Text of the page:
© 2018 Lynn Abbott
My youth pastor did more than teach scripture; he found creative incentives to encourage its memorization.
And it worked.
That is how I found myself floating behind a ski boat in the San Diego Bay on a ninety degree day in late August.
All of us, who had achieved the goal, won a day of water-skiing. Since my family was not a wealthy one, I was thrilled to have such an opportunity although…
I had never skied.
And it showed. I lost grip of the rope whenever the boat pulled.
That, of course, only made things worse.
Watching my progress from the back of the boat, two friends cheered me on. But by 3 pm–six hours into that day out– one of my friends nicknamed me, “Try, try; flub again.”
Yup. Nothing ever comes easy for me.
Quite honestly, I suspect that even wildly successful people must work hard. From what I’ve observed, talent or interest only gets you a place behind the boat.
It takes a lot of hard work to learn to stand. Or even ski around the bay.
I’ve been reminded this week as I watched the Olympics that even if you have been called to do something, the road may prove extremely difficult… So much work.
And quite honestly, I don’t much like that part. I prefer watching the Olympic games from my easy chair.
Thus, when discipleship gets tough, I frequently ask, “Am I where I’m supposed to be? Does God really intend for me to serve in this way?”
I emerged…laughing and sputtering.
Yup, I set sail with great enthusiasm. But when I encounter rough waters, I begin to doubt…
I second guess.
I long to return to the safe harbor.
Perhaps, you’ve been there, too.
It isn’t uncommon. Even Moses questioned when his dreams didn’t immediately materialize.
But talent and position alone did not get him very far. In fact, relying on his own abilities, Moses made a bit of a mess and became a fugitive from Egyptian justice, (Exodus 2:15).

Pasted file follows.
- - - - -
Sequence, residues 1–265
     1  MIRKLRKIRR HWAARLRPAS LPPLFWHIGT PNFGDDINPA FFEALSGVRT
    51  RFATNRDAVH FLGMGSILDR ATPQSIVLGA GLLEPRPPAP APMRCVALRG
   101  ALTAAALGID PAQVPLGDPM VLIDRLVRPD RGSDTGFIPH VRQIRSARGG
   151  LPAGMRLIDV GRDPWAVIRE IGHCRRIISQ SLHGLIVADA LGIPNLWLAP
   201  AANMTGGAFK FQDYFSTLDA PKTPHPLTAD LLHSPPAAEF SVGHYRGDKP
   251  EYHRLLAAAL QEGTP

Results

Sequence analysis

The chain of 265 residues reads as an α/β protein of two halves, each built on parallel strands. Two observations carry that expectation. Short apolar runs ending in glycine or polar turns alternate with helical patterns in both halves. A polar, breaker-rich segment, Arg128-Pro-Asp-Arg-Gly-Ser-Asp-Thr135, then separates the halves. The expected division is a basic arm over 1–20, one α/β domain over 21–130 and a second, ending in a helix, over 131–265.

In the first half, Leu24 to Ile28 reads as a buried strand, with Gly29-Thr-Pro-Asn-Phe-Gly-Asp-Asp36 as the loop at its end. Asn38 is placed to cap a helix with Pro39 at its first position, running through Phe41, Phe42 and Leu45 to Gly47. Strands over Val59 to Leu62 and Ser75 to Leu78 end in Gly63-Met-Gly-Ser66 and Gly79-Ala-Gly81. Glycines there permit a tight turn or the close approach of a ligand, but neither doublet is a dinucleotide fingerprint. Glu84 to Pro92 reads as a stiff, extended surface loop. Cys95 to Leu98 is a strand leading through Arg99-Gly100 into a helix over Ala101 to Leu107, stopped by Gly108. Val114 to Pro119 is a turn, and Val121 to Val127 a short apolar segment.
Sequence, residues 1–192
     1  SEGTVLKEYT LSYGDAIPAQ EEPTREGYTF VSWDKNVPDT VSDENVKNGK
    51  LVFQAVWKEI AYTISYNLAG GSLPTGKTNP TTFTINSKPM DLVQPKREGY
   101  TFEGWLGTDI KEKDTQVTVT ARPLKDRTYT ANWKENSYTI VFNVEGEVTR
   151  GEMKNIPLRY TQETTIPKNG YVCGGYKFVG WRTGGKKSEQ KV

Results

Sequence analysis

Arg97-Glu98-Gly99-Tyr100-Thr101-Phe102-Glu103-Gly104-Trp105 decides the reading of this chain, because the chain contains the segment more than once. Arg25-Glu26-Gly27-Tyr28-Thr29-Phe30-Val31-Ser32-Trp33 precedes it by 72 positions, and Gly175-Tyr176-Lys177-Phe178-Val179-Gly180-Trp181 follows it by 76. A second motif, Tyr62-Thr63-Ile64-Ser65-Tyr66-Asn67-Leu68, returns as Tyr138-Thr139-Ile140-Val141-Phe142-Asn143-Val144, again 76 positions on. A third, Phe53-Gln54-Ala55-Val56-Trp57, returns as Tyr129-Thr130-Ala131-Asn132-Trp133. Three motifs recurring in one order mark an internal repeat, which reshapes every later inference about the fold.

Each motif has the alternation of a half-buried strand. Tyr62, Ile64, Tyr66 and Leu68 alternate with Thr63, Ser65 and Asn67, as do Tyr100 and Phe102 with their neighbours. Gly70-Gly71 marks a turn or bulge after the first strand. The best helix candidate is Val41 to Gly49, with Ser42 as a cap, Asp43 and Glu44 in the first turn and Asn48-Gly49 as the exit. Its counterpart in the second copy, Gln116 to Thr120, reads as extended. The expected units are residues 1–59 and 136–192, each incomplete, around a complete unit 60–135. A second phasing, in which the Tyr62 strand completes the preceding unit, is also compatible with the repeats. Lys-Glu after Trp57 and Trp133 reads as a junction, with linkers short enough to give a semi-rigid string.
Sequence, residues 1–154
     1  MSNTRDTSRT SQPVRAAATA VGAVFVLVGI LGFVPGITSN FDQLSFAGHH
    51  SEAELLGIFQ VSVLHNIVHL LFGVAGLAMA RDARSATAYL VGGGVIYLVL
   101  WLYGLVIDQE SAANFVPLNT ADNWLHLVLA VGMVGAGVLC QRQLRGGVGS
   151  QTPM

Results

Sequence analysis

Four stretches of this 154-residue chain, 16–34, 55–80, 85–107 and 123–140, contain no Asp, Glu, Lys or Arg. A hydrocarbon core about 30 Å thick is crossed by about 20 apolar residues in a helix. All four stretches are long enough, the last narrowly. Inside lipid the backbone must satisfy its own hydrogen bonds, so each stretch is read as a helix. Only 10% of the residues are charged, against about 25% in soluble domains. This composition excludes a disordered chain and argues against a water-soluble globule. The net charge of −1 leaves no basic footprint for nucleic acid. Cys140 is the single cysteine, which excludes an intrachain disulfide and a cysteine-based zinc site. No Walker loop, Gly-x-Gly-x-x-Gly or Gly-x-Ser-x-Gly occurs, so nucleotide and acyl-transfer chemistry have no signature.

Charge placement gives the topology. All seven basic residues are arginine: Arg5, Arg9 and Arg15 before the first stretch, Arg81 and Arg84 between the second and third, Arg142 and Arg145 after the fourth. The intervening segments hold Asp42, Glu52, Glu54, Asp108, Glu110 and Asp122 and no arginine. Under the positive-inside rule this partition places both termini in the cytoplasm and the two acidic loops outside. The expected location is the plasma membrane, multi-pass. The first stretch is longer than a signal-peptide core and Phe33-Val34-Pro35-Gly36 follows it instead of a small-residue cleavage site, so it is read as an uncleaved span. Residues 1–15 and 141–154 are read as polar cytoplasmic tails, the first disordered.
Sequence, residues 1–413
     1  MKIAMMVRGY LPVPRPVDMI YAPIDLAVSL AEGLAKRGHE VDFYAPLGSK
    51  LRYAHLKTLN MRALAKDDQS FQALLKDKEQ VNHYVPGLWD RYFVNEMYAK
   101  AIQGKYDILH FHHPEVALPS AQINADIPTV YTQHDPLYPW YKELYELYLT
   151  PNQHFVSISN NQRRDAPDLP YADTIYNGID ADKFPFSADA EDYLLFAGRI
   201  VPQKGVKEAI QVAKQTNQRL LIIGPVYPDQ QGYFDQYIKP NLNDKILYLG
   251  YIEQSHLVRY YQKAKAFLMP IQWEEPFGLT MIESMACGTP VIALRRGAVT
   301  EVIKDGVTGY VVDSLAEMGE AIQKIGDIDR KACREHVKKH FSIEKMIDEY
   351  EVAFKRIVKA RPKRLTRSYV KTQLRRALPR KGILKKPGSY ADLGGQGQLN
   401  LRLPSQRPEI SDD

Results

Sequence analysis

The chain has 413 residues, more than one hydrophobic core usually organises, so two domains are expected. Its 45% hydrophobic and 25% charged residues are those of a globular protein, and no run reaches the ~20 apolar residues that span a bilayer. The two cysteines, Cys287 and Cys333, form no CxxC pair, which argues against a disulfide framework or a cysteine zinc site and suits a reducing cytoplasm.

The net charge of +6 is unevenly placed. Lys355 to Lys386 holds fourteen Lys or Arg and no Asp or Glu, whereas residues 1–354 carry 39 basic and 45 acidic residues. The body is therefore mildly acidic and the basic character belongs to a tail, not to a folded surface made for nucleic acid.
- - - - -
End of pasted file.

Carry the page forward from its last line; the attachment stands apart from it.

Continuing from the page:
That’s right. He overestimated his ability to affect change. The young Moses had yet to learn that most anything of value requires hard work. Perseverance is a necessity in the face of inevitable storms.
And God blesses faithfulness, (Psalm 31:23).
But Mo’ had yet to learn that. So, God sent him to the wilderness to learn a little of humility and hard work.
In Midian, then, Moses learned to persevere.
No glory. No more rich rewards in Pharaoh’s court. Moses worked hard as a shepherd to provide for his family. Life at court became a distant memory.
Yet, God did not forget Moses. God spoke to Mo through a burning bush.
First response? Moses worshiped. A good start.
But then, Moses tried to wiggle out of God’s call. The former Prince of Egypt gave God a great many excuses.
From what I’ve observed, talent or interest only gets you a place behind the boat.
Really, when I reread the account, it seems that Moses still lacked God’s perspective.
Although Moses had learned much about hard work, he still depended solely upon his talent to carry him.
And that had obviously proved an epic fail. He’d been forced to run for his life.
He likely thought, “I’m not the guy for this.”
Moses’ faulty perspective becomes apparent in his arguments–they won’t believe me; I’m not a good speaker, (Exodus 3-4). Although he had acquired humility, he still believed that position, rank and natural talent were primary.
He had not considered God as part of the equation.